Scottish Ramble #4

Whereas I make an effort to stick to my stated themes at Rivertop Rambles when considerating a new post, I like to keep an edge on the subject matter, too, remaining flexible when it comes to defining “rivertop” country. Yes, the tops of river systems tend to be places of cold water springs and beauty, places inhabited by the likes of wild trout. Riverbottoms, on the other hand, are often associated with warm, muddy water, and the habitat of our human masses. But if we look closely around the globe, we notice more than the stereotypes. There are plenty of riverbottoms around the planet where the waters empty out in a wild and “uninhabited” seascape. And very often these are places where our notions of wildness, natural beauty, and romance would feel right at home.

Please welcome the northeastern coastline of an “old country” known as Scotland.

Viewers of the recentScottish Ramble #3” may have noted that my daughter Alyssa, studying for her graduate degree at Glasgow University, has an opportunity to ramble a bit through Scotland while on break.  Selections from her photo essay, “Dunnottar Castle,” reflect a February class visit to the headlands south of Stonehaven. Hopefully these photos of the site will give you a sense of “riverbottom beauty,” of a place where streams drop to the sea. Here the headlands capture the spirit of distant sources. Here the coastline beckons the imagination. And here the wild earth walks with human history in all its tragic glory.headwaters

An interface of stream and sea, of present time and human history.headlands

During the 17th century War of Independence, the Scottish Crown Jewels were hidden at Castle Dunnottar.approach to castle

The approach to Castle Dunnottar near Stonehaven on the northeastern coast of Scotland. The castle played a part in the movie Hamlet, 1990, starring Mel Gibson.seascape.horizon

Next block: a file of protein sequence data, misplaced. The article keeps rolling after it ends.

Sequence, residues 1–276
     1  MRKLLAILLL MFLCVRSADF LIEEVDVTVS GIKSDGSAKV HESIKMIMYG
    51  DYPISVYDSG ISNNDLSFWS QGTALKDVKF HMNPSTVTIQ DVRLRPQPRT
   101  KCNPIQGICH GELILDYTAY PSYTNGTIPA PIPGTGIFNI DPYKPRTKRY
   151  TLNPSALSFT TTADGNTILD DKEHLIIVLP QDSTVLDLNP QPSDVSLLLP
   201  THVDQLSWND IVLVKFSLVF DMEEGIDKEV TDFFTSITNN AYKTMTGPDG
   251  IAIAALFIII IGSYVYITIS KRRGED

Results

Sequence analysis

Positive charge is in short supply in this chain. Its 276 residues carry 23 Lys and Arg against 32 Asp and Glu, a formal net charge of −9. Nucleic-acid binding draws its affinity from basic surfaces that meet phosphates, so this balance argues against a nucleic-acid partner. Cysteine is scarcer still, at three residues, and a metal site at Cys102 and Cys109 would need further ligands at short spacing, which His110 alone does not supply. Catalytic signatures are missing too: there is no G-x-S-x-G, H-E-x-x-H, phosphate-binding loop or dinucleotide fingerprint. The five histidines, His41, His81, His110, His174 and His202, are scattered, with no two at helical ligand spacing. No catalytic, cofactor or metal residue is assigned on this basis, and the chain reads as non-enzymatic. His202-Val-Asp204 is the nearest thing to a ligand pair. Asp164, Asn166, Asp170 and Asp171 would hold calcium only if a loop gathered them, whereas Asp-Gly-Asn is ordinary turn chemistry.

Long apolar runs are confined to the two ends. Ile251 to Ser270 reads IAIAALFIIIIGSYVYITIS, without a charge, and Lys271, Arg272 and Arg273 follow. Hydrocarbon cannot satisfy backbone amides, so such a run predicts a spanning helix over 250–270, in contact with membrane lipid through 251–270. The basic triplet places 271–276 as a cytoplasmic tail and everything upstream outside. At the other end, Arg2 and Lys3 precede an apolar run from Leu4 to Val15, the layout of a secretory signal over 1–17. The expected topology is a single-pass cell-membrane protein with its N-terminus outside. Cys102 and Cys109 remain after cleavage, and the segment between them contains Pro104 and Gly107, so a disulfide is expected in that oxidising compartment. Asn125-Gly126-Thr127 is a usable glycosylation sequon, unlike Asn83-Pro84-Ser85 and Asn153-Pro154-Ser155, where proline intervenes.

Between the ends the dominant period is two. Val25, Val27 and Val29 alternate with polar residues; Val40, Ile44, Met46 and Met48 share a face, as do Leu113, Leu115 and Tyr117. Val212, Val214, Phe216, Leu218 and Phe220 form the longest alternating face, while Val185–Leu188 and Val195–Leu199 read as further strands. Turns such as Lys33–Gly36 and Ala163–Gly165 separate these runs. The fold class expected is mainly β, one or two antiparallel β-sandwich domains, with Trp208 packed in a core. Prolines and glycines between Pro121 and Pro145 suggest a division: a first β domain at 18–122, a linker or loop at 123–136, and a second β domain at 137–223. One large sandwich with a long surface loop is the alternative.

Seascape, looking out from Castle Dunnottar.castle ridge

Here the cliff top with its ruined fortress is displayed with stunning effect. During the first battle of the Civil War in 1639, a Coventry army of 9000 was imprisoned at Dunnottar, where many of the soldiers died.castle.seascape

In 1296, Edward I of England took the castle. William Wallace took it back a year later, burning the church with the English garrison still inside. In 1650, Oliver Cromwell sacked the castle to find the Crown Jewels following an eight-month siege. The jewels were smuggled out by women in a boat.Alyssa

Alyssa, trekking back carefully from the point. She reported that the walk out there was “scary,” and battered by the wind.Alyssa on headland

Out on the edge of it all, Alyssa suddenly found the scene to be “surreal and extremely peaceful.”

About rivertoprambles

Welcome to Rivertop Rambles. This is my blog about the headwaters country-far afield or close to home. I've been a fly-fisher, birder, and naturalist for most of my adult life. I've also written poetry and natural history books for thirty years. In Rambles I will mostly reflect on the backcountry of my Allegheny foothills in the northern tier of Pennsylvania and the southern tier of New York State. Sometimes I'll write about the wilderness in distant states, or of the wild places in the human soul. Other times I'll just reflect on the domestic life outdoors. In any case, I hope you enjoy. Let's ramble!
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6 Responses to Scottish Ramble #4

  1. The Castle reminds me a bit of Dunluce Castle on the North Coast of Northern Ireland, looking across the Irish Sea toward Scotland. Of course, Dunluce is a lot easier to approach. I hope on my next trip to make it over there. Thanks for the inspiration!

  2. David,
    You’re very welcome! Thanks for the comment. I’d love to visit the place, too, some day.

  3. Ken G says:

    The scale is hard to imagine till you see those little people walking around in the images. What a place to build a castle.

    • Ken, The scale at the castle scene is really hard to gauge. Alyssa has a lot of photos of the castle interior that really put it all in perspective, with people in the courtyard, passing through the halls and dungeon, etc., but those are a bit beyond the scope of this blog.


  4. plaidcamper says:

    What an amazing location! Beautiful!

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